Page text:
Archive for the 'PA – Venue' Category

SEPTEMBER 2017 BAD FAITH CASES: FEDERAL REMAND WHERE POLICY’S FORUM SELECTION CLAUSE ALLOWS INSURED OR ASSIGNEE TO CHOSE COURT; ANTI-ASSIGNMENT CLAUSE INEFFECTIVE WHERE ASSIGNMENT IS POST-OCCURRENCE (Philadelphia Federal)

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This action originated from a bad faith suit filed in the Philadelphia County Court of Common Pleas. The insured alleged that the insurer refused to defend and indemnify in a separate Lehigh County action which resulted in a judgment of $500,000 against the insured. The insured assigned its rights against the insurer to the instant plaintiff-assignee.

The insurer removed the matter to federal court. Plaintiff filed a motion to remand, arguing that the insurance policy contained a “Service of Suit Amendment” whereby the insurer agreed to litigate in any forum chosen by the insured. The insurer argued that the Service of Suit Amendment pertains only to the original insured party, and not to an assignee.

The insurer further argued that the policy contained an anti-assignment clause, which further limits the plaintiff-assignee’s rights to enforce the forum selection clause.

Courts in the Third Circuit had not previously decided the question of whether an assignee could enforce a forum selection clause against an insurer. The Court held that “where an assignment is effective, the assignee stands in the shoes of the assignor and assumes all of his rights.”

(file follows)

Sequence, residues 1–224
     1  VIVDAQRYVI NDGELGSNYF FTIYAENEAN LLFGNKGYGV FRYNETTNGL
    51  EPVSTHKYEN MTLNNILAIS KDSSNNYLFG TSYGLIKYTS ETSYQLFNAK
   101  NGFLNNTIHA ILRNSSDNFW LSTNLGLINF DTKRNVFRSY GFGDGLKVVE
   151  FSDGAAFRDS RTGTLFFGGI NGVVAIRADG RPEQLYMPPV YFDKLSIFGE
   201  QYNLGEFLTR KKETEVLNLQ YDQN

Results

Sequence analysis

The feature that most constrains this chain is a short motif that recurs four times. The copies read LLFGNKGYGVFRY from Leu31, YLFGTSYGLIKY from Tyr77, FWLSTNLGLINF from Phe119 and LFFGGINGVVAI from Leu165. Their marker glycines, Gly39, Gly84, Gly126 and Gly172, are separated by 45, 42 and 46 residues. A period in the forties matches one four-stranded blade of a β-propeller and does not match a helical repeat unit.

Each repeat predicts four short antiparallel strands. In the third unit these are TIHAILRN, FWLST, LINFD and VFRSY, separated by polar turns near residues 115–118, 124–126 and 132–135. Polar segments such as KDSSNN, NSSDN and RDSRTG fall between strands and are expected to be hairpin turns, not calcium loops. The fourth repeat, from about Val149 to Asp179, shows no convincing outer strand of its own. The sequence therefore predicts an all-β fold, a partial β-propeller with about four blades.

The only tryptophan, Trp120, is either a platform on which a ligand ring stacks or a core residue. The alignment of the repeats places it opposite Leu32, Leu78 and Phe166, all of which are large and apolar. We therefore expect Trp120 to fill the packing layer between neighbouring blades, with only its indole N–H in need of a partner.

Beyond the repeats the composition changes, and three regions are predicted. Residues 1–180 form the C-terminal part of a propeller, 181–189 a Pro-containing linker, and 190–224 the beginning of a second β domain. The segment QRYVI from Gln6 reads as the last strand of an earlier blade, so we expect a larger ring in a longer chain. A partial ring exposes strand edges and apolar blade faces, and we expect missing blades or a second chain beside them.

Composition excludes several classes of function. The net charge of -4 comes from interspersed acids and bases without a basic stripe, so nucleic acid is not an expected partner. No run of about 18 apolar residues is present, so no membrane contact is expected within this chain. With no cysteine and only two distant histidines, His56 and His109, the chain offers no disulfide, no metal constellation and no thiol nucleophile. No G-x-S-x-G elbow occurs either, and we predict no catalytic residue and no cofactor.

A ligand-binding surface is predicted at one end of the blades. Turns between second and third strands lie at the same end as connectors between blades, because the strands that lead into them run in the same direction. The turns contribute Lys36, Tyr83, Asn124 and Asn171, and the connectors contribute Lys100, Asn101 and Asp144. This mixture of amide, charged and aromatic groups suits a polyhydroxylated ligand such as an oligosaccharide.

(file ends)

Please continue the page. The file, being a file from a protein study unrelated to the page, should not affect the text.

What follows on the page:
The Court further ruled that per Pennsylvania law, “an insurer may not limit an insured’s ability to assign his or her rights under a policy after the occurrence of the event which gives rise to the insurer’s liability.” Because the assignment here occurred after the event that created liability, the plaintiff-assignee could enforce the forum selection clause against the insurer, despite the presence of an anti-assignment clause in the policy.

Lastly, the Court denied plaintiff-assignee’s request for attorneys’ fees, because the insurer did not lack an objectively reasonable basis for seeking removal.

Date of Decision: August 25, 2017

Wimberly v. First Fin. Ins. Co., No. 5:17-cv-02952, 2017 U.S. Dist. LEXIS 137380 (E.D. Pa. Aug. 25, 2017) (Leeson, Jr., J.)

DECEMBER 2016 BAD FAITH CASES: CONTRACTUAL CHOICE OF VENUE PROVISION DOES NOT APPLY TO BAD FAITH CLAIMS (Superior Court of Pennsylvania) (Not Precedential)

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In a 2 to 1 unpublished decision, the Superior Court ruled that a choice of venue provision did not apply to the insured’s bad faith claims. This was a UIM case. The majority found that bad faith claims are distinct from breach of contract/UIM claims, and therefore the insurance contract’s venue provisions did not apply to these distinct claims. The minority (and trial court) would have ruled otherwise, in the belief that the bad faith claim rises and falls with the UIM claim, and thus is so closely related as to be bound by the contractual venue provision.